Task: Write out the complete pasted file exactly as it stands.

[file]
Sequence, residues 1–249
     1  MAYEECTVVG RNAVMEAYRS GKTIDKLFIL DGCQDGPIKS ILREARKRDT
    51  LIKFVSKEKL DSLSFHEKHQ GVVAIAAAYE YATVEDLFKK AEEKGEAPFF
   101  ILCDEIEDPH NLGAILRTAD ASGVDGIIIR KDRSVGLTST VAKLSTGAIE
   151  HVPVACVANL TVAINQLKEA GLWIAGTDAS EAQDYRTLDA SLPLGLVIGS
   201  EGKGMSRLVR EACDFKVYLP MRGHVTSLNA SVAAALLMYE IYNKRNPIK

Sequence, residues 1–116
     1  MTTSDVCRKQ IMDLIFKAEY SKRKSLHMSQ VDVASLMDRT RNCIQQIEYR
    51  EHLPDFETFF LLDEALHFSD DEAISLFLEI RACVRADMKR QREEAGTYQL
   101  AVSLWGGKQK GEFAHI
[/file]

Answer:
Sequence, residues 1–249
     1  MAYEECTVVG RNAVMEAYRS GKTIDKLFIL DGCQDGPIKS ILREARKRDT
    51  LIKFVSKEKL DSLSFHEKHQ GVVAIAAAYE YATVEDLFKK AEEKGEAPFF
   101  ILCDEIEDPH NLGAILRTAD ASGVDGIIIR KDRSVGLTST VAKLSTGAIE
   151  HVPVACVANL TVAINQLKEA GLWIAGTDAS EAQDYRTLDA SLPLGLVIGS
   201  EGKGMSRLVR EACDFKVYLP MRGHVTSLNA SVAAALLMYE IYNKRNPIK

Sequence, residues 1–116
     1  MTTSDVCRKQ IMDLIFKAEY SKRKSLHMSQ VDVASLMDRT RNCIQQIEYR
    51  EHLPDFETFF LLDEALHFSD DEAISLFLEI RACVRADMKR QREEAGTYQL
   101  AVSLWGGKQK GEFAHI